TINA BROWN: Well, there's no doubt, I think, that women are scrutinized and blamed far more than men are in the executive positions that they take—in any leadership positions that they take. And the tone of dismissiveness about women is remarkable very often. It's as if they just don't have the same kind of gravitas just because they're women. And it's a very irksome thing, I think, to many a woman artist, CEO, achiever of any kind, that they always feel that they have to be gold in a silver job, that they have to be an exceptional perfectionist, unimpeachable figure just to get to first base of the high leadership stakes.
And I don't know that that's really changed. I think we are definitely seeing a rolling pushback that's gathered enormous momentum, which is very exciting. There's a sense that all the talking, all the blow-hardery about women in the pipeline, women executives, we have to mentor women, we have to have diversity programs—frankly, that's just been a free pass to so many corporates over the years, which is, 'Yes, yes, well, we mentor women. We have a lot of women in our pipeline' and whatever. Well, frankly, that pipeline has exploded, guys. The pipeline has been stuffed. And women are saying we're tired of being, quote, "in your pipeline."
Well, first of all, I think it's very important that we, as women, don't put ourselves under so much duress that we think that we have to keep on adapting and adjusting all the time. Clearly, we have to come together as a group, as a lobbying group as such, to insist that we can thrive as women and also do our jobs.
It also, of course, means that there are times when your life and your career go into different phases, that there are cycles of being for a woman that are emergeable from in a way that's productive. Because you may need to take that time where you're dialing back because your children are young, but you fully intend to ramp back up afterwards. And you've got to find a way, and companies have got to find a way, to keep women engaged throughout that process, so they don't sort of disappear, and then all of a sudden, they want a job back, and of course, they're out of date and out of touch, and they find it very difficult to get back in.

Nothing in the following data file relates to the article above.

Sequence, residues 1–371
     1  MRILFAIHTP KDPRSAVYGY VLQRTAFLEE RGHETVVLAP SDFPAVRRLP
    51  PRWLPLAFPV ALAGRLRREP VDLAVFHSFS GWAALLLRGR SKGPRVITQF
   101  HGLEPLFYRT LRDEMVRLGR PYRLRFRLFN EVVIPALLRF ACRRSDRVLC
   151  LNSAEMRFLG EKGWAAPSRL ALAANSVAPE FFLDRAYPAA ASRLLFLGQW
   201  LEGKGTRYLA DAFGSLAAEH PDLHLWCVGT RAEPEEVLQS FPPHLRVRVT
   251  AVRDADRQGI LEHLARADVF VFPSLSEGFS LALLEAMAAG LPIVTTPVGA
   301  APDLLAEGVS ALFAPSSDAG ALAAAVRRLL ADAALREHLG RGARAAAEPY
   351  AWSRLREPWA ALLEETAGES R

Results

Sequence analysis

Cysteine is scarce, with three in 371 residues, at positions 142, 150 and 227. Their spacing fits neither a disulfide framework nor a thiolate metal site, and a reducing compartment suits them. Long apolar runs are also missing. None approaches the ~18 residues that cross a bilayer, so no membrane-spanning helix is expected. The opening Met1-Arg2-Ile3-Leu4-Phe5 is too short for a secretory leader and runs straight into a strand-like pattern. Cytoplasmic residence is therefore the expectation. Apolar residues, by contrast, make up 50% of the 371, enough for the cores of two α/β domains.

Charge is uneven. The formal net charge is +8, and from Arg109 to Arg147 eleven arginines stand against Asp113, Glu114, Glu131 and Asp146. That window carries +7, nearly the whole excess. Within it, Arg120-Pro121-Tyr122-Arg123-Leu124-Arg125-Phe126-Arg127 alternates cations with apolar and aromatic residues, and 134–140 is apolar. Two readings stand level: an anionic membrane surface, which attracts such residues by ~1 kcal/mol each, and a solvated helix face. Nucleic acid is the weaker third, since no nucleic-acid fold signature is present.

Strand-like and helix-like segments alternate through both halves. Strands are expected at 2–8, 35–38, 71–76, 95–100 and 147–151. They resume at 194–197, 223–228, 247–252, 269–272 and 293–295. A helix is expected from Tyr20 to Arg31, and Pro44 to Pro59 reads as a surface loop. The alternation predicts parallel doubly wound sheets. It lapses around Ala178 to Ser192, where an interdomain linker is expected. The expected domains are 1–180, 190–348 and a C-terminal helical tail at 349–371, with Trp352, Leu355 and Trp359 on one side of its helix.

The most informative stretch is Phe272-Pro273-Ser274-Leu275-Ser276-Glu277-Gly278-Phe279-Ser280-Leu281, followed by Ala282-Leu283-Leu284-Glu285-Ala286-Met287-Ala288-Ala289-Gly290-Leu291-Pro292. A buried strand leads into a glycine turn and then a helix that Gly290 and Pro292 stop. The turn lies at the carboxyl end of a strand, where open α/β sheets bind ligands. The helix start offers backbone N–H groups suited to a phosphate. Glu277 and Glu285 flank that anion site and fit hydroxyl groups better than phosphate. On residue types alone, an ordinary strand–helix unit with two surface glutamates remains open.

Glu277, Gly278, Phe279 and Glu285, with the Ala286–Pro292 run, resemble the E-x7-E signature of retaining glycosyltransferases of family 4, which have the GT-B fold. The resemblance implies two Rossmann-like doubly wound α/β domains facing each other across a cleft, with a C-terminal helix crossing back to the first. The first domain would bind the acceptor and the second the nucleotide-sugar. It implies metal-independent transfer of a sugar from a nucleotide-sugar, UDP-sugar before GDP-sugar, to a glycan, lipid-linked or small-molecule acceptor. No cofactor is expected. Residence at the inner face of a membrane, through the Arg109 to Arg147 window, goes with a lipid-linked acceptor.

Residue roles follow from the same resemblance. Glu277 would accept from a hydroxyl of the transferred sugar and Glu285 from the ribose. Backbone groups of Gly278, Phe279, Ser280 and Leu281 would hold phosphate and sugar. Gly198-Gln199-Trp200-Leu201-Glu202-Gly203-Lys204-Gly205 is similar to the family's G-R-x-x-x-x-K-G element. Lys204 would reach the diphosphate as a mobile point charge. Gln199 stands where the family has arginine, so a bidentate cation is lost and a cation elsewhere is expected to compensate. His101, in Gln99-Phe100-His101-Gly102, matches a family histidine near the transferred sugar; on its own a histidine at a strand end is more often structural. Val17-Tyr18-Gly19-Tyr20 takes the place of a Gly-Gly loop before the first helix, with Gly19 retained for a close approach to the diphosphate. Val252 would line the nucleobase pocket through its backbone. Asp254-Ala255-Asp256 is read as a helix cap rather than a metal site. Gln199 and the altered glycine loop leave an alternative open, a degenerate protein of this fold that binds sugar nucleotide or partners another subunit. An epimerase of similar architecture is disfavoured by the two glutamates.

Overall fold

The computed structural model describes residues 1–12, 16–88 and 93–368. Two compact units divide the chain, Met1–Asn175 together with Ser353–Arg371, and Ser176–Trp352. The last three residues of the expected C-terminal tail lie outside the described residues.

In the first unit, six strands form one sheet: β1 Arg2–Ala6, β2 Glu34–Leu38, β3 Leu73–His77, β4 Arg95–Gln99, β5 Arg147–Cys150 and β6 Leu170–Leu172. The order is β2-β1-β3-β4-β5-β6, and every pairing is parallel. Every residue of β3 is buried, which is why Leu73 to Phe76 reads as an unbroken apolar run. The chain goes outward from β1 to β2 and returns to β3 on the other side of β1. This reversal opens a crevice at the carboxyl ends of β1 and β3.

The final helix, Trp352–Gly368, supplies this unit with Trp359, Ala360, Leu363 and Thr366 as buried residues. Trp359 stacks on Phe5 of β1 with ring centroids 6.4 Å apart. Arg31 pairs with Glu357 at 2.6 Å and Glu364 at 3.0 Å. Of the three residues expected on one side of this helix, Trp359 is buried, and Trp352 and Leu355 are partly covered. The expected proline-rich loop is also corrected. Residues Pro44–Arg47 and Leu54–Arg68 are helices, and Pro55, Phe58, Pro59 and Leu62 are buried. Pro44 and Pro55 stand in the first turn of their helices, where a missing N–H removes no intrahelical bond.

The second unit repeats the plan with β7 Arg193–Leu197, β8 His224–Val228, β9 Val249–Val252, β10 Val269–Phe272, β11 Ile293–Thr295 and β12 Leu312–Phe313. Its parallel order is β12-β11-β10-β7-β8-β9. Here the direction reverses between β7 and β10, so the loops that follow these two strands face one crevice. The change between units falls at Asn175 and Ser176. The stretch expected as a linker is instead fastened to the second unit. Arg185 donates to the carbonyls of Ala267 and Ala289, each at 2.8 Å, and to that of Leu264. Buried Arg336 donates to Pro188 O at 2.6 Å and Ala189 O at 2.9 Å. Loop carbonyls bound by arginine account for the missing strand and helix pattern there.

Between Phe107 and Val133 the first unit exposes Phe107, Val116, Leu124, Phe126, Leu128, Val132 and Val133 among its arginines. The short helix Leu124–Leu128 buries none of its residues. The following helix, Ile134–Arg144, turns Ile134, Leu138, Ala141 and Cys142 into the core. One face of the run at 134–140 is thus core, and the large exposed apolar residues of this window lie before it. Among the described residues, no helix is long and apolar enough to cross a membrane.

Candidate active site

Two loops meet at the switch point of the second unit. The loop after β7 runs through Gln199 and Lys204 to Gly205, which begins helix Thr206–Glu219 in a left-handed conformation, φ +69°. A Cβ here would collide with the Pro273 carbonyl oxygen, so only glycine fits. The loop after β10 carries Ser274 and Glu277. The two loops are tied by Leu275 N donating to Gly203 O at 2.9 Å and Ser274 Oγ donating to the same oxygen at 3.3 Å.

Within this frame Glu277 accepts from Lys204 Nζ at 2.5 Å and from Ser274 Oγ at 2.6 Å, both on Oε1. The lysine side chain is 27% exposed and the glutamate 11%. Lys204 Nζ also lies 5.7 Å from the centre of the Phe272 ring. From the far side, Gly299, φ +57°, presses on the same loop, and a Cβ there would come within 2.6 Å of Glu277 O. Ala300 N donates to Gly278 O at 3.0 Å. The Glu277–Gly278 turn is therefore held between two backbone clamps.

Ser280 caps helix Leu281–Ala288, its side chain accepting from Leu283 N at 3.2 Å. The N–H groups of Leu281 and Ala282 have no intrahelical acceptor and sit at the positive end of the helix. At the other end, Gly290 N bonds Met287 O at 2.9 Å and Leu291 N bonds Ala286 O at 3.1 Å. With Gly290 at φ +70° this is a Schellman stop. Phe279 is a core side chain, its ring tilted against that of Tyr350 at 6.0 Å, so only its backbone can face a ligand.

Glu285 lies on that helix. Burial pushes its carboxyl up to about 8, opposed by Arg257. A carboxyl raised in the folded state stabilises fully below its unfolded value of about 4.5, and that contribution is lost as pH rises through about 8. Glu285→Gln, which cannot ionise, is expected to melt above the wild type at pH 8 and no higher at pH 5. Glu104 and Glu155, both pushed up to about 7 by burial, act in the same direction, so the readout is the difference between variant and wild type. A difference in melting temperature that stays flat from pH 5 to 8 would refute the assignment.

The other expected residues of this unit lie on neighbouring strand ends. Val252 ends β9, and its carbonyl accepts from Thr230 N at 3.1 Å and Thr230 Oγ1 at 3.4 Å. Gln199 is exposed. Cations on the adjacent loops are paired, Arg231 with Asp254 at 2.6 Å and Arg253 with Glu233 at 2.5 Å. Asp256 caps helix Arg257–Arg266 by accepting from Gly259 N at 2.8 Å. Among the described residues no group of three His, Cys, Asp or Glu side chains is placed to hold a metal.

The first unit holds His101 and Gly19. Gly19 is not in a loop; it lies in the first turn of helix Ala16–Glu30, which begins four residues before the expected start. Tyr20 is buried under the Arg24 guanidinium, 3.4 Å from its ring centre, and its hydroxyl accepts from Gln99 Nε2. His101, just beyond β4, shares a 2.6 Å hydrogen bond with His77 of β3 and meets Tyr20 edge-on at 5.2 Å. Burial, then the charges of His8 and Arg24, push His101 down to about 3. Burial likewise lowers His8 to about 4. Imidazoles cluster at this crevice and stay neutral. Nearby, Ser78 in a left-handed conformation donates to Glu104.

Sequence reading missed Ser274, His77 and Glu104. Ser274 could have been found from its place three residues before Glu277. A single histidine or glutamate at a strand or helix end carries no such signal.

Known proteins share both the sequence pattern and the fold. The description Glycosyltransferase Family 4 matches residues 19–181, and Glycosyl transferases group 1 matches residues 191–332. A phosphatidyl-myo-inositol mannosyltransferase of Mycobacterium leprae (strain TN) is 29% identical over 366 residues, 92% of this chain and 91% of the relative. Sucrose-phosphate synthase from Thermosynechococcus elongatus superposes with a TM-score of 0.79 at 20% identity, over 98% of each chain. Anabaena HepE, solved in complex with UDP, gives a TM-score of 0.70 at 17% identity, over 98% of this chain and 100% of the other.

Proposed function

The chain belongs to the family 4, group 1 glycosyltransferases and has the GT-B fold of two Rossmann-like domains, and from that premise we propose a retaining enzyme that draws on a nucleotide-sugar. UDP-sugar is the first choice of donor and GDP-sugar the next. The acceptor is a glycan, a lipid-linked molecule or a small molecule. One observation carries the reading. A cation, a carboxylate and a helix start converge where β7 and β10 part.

So one thing, I think, that enlightened companies are doing—I know that MasterCard has worked very hard on this, actually—is about how you keep women engaged throughout this dial-back times and find ways for them to keep working in a smaller way for the company, while at the same time being able to grow and keep in touch, so that when they're ready to come back they can.
Secondly, I think the parental leave has to be so imaginatively structured. I mean, personally, I'm actually not of the belief that it's helpful to kind of disappear on maternity leave or paternity leave for six to eight months and then come back absolutely rattled by the pace of work.
I actually think it might be more useful to have segments and periods where you can take trenches of time throughout your career as an employee and as a parent. Because people get very exhausted. It's almost like it would be more valuable to work three weeks out of four during a period when your kids are young, than it is to take huge chunks of time and then have to come back in one big rush.
So I think that this question of creating new patterns is very much an experimental one. We saw that the Gates Foundation recently said we gave parents a year off and they had children. We find that's not viable.
And I thought that was an honest, at least experimental way of looking at that problem. So we tried that. That didn't work. OK, so what does work? And I think companies have got to be, I think, very adventurous now about figuring out what really works best, while at the same time, getting the job done. Because this is not a charity you're in. You're actually in a business. And you've got to get the business done. So how you use your orchestra has become far more creative. I mean, HR now has to be a really innovative activity, which it really wasn't and hasn't been in the past.